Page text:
Lack of water hampers Iqaluit firefighters
Tundra Valley house gutted
A fire at house 2485 in Tundra Valley on April 17 was compromised by an inadequate water supply system, said Leo Tobin, the city’s deputy fire chief.
About 20 firefighters relied on five rotating water tankers, which needed regular refilling.
Ideally, water for fighting fires originates from a nearby fixed water supply, as is the case of neighbourhoods served by utilidors.
“We kept running out of water because there’s no hydrants up there. We had to keep water trucks coming…. At times we were waiting for the water truck to show up,” Tobin said.
Tobin said his comments were not a criticism of the city’s public works department, but an example of the need for piped water throughout the city.
“The guys from public works were more than willing to help out. I couldn’t have done it without them,” Tobin said.
The 3,000-litre water trucks pumped an estimated 45,000 litres from the time the call was dispatched at 4:15 p.m. to when the blaze was extinguished at around midnight.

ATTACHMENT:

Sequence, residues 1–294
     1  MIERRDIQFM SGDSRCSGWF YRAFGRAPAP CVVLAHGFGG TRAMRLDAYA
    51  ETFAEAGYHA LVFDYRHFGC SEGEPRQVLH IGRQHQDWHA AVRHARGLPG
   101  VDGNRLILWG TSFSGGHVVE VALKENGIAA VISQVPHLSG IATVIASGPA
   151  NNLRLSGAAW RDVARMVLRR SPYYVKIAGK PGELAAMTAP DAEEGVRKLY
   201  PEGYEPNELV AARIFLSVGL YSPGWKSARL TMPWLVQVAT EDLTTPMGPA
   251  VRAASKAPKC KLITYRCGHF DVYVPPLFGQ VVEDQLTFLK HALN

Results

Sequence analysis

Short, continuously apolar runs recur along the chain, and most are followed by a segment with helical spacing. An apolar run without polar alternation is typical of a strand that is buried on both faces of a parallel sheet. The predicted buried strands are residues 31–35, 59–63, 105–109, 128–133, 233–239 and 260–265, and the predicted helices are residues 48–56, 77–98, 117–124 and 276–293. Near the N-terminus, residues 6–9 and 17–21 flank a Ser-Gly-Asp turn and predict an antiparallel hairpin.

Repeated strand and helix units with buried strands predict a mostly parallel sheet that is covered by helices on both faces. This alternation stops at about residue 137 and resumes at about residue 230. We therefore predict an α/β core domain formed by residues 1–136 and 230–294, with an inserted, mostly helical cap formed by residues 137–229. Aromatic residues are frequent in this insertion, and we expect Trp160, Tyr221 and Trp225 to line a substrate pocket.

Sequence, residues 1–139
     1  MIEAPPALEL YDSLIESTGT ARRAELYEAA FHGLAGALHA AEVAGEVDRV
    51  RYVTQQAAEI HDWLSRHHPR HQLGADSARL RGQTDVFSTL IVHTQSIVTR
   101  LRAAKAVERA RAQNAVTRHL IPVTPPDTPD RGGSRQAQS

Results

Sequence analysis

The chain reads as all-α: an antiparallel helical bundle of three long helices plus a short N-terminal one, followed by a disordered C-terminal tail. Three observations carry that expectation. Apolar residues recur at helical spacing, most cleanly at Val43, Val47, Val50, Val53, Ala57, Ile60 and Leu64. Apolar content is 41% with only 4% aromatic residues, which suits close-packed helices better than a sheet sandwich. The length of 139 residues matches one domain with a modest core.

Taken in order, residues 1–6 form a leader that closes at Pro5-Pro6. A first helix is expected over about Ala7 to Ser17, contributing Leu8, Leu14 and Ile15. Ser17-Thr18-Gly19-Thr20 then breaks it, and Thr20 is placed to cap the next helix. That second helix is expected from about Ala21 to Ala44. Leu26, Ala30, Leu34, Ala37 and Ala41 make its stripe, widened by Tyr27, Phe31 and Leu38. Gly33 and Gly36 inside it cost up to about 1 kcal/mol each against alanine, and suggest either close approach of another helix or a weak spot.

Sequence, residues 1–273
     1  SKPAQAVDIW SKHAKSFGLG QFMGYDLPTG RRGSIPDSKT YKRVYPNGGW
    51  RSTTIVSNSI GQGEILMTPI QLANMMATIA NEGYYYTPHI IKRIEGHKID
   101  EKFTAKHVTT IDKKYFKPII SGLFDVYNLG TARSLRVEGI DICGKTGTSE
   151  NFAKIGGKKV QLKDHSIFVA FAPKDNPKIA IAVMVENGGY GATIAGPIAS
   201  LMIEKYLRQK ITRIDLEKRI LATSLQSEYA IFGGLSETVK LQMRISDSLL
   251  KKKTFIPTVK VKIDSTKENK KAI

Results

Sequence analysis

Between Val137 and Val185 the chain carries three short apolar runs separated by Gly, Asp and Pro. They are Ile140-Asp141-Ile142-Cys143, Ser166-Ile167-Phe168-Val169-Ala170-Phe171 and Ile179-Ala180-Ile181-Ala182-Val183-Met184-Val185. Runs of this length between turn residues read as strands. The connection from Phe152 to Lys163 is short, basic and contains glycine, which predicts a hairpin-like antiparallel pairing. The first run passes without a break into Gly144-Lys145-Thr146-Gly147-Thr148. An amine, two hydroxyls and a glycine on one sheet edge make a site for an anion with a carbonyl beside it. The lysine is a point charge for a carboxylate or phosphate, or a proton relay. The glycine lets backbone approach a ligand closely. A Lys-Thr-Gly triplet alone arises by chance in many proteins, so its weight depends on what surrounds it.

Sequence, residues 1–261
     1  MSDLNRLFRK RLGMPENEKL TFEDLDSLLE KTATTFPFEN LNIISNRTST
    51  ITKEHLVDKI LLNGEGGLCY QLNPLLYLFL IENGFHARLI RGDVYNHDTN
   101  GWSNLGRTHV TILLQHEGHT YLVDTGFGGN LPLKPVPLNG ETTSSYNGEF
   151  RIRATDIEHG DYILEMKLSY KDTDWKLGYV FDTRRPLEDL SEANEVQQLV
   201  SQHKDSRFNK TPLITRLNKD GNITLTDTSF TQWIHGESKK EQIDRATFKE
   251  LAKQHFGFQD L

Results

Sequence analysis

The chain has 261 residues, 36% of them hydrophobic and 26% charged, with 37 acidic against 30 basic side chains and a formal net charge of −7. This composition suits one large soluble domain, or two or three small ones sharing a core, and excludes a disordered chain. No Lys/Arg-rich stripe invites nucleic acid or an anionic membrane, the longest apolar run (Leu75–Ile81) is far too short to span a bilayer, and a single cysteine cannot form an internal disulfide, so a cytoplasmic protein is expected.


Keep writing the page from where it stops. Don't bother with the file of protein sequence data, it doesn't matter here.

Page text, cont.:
Tobin would not say if hydrants might have saved the now charred and gutted two-storey grey house. Tobin confirmed, though, that firefighting efforts were “hampered” by the inefficient system.
The problem is not unique to Tundra Valley. Fires in Apex and any other neighbourhoods served by truck do not have hydrants.
No one was injured in the Thursday fire, and the cause of the blaze is the subject of two investigations: one by the Iqaluit fire department and the other by the homeowner’s insurance company, Tobin said.
Isabelle Benoit, one of two residents, was home at the time of the fire but escaped unharmed. The other occupant wasn’t home at the time, Tobin said.
“We were going to evacuate the house next door, but he was already gone,” Tobin said.
As part of the private investigation, a security guard is watching the house 24 hours a day, Tobin said.
Even though the fire was contained the day it started, firefighters returned the next day to douse a “flare up” – a patch of smouldering embers hidden by rubble.
The first fire caused the most damage.
“Right now it looks like the fire originated from the [main] floor. It wasn’t like a big burning flame. It burned through the roof and the roof ended up caving in. The house is ruined. They’ll have to rebuild,” Tobin said.